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Monday, August 27, 2007

Why Windows Vista is not Ready for Prime Time

Windows Vista is one of Microsoft's biggest flops. Bob was silly, ME was unreliable, but Windows Vista may be irreparable. Here are a few of the lowlights:

1. The security improvements in Vista are not what they were hyped to be. User Access Control (UAC) is so intrusive that users simply deactivate it. So much for benefits of that feature. Jim Allchin (before he left Microsoft) actually said Vista is so secure that he didn't even have anti-virus software installed on his seven year old sons computer. He is either a fool or a liar. He couldn't possibly have believed that. Most of the additional security features in Vista are available as free downloads for XP. Nearly all are superior to their Vista built in equivalents.

2. There are about 10 or 12 or 15 different versions of Vista. All are overpriced and the low end versions don't offer as many features as XP Home. It's nearly impossible to figure out exactly which Vista version would be right for you. Microsoft went from a plan to integrate all Windows into one version, to breaking out Windows into too many confusing versions with no practical reason for the breakout other than profit maximization.

3. Vista is a resource hog on even high end computers. The fun GUI stuff that makes Vista neat looking, is being disabled by many users to speed things up. If you like the neat GUI look, just use XP and Stardock's Object Desktop Suite. Save time, money, computer resources and avoid all the bizarre baggage of Vista.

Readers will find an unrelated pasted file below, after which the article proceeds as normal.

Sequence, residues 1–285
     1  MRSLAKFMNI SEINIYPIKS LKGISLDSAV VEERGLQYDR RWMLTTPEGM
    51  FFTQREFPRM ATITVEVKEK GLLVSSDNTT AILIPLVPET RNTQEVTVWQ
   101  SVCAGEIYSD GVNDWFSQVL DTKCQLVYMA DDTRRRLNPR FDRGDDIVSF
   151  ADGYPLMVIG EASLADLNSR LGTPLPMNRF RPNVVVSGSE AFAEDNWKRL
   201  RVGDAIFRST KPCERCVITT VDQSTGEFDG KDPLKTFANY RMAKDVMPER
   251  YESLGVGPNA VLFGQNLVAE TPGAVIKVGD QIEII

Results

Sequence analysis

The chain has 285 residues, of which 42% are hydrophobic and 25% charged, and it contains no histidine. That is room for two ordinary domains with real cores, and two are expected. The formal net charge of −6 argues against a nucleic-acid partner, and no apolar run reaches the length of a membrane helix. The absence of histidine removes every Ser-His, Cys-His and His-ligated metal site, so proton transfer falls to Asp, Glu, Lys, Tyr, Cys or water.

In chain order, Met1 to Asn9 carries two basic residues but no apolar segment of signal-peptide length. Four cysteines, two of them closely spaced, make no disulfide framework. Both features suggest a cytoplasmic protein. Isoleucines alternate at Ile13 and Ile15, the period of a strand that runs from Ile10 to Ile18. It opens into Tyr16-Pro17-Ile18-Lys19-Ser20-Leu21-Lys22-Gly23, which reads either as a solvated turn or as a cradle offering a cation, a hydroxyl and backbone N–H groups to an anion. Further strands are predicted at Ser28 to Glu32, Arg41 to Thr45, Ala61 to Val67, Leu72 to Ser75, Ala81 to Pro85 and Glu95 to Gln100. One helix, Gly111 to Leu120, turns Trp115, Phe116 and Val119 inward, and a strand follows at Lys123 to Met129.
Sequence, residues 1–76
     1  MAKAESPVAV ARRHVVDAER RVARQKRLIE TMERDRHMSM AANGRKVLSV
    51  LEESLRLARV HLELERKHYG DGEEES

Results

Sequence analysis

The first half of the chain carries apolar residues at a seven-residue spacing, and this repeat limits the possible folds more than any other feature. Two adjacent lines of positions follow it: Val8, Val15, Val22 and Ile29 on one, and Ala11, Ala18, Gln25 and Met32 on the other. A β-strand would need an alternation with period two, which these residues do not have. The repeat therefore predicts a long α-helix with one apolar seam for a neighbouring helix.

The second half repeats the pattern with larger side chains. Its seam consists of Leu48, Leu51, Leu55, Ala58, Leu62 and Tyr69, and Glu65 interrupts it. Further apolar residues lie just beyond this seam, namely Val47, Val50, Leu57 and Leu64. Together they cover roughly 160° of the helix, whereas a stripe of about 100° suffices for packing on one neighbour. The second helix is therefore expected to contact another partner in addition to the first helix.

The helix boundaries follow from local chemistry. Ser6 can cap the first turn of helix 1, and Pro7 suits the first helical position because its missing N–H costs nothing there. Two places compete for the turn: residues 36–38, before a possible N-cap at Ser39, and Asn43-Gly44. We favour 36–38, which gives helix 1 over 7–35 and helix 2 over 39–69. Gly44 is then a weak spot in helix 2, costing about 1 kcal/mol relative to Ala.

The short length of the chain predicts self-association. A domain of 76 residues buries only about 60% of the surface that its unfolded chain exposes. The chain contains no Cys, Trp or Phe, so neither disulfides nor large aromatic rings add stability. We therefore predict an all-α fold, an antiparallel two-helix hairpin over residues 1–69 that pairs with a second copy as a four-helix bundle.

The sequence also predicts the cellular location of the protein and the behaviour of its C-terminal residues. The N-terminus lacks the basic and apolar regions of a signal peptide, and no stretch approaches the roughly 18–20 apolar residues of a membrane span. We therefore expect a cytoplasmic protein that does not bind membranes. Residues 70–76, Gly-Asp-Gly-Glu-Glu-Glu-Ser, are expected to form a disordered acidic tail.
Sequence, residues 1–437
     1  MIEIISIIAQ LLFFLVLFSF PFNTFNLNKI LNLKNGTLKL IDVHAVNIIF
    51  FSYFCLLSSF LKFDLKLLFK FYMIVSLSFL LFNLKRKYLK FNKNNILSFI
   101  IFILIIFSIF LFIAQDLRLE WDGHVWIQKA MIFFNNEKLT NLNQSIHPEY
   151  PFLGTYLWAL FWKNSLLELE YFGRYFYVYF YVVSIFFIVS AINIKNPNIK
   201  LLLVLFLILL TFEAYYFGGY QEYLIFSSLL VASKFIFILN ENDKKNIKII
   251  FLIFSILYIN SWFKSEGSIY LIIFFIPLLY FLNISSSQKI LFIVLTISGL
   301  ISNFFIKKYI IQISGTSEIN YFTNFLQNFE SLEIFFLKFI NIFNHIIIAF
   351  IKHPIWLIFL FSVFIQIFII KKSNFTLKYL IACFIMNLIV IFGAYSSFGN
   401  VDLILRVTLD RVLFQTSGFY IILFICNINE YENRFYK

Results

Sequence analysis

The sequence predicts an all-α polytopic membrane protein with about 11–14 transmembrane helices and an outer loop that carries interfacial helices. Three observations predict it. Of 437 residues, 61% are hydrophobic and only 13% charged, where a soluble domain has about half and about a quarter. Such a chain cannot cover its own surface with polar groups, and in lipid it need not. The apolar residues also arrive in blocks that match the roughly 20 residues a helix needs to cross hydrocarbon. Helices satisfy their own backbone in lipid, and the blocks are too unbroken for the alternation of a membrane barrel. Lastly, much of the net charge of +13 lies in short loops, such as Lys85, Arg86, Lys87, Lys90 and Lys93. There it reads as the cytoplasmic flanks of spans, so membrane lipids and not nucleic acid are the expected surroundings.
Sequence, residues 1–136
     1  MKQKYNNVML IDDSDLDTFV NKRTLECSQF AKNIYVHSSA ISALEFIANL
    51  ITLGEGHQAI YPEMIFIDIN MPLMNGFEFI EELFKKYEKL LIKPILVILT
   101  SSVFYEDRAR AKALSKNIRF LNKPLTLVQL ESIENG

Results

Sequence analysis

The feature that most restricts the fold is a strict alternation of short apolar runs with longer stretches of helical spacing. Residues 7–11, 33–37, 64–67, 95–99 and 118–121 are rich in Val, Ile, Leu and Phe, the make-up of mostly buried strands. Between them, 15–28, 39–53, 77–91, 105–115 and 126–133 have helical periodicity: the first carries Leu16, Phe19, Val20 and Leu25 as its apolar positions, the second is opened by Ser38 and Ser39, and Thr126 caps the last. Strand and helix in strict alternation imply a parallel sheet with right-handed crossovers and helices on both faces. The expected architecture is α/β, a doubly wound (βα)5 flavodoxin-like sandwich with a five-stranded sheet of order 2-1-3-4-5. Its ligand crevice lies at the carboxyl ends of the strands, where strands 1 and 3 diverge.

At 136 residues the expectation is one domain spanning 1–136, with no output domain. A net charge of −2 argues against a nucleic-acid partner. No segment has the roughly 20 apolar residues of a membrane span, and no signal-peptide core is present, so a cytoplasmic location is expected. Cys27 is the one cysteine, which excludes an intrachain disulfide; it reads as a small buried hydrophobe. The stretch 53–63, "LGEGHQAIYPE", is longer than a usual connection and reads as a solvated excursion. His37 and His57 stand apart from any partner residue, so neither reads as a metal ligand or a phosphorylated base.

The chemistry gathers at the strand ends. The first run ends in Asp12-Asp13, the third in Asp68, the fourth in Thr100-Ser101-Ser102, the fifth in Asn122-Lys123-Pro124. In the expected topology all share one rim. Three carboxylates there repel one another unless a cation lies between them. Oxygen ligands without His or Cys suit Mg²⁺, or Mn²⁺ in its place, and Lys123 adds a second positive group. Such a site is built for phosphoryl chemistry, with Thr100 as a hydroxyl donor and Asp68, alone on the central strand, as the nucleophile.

4. Vista is still having trouble with VPN's, network drag and drop copies, and even Microsoft's own product: IE7. Give me a break! You may be able to blame some of the hardware issues to poor drivers on the part of third party developers, but IE7 is Microsoft's own product, and they havn't been able to get that right.

More computer manufacturers are allowing buyers to "upgrade" Windows Vista to XP. If you can - do it. Off the shelf computers generally have Vista pre-installed and don't allow the no charge upgrade. In that case it is worth it to budget the purchase of Windows XP Pro and replace it as soon as you setup and install the computer.

I don't know if Vista is even fixable. So many of the problems seem to be fundamental to the design of the OS. I hope I am wrong. XP won't be around a whole lot longer, so users will eventually have no choice in the matter. It may take several Service Packs at best so lets hope Microsoft is taking some staff off the development of the new Windows to get this taken care of. On second thought, perhaps they need to allocate more staff to the new Windows to get it out sooner, rather than wasting time on service packs.

Whatever the solution, Microsoft needs to get it right soon. For the sake of the users, computer manufacturers, the software industry AND Microsoft.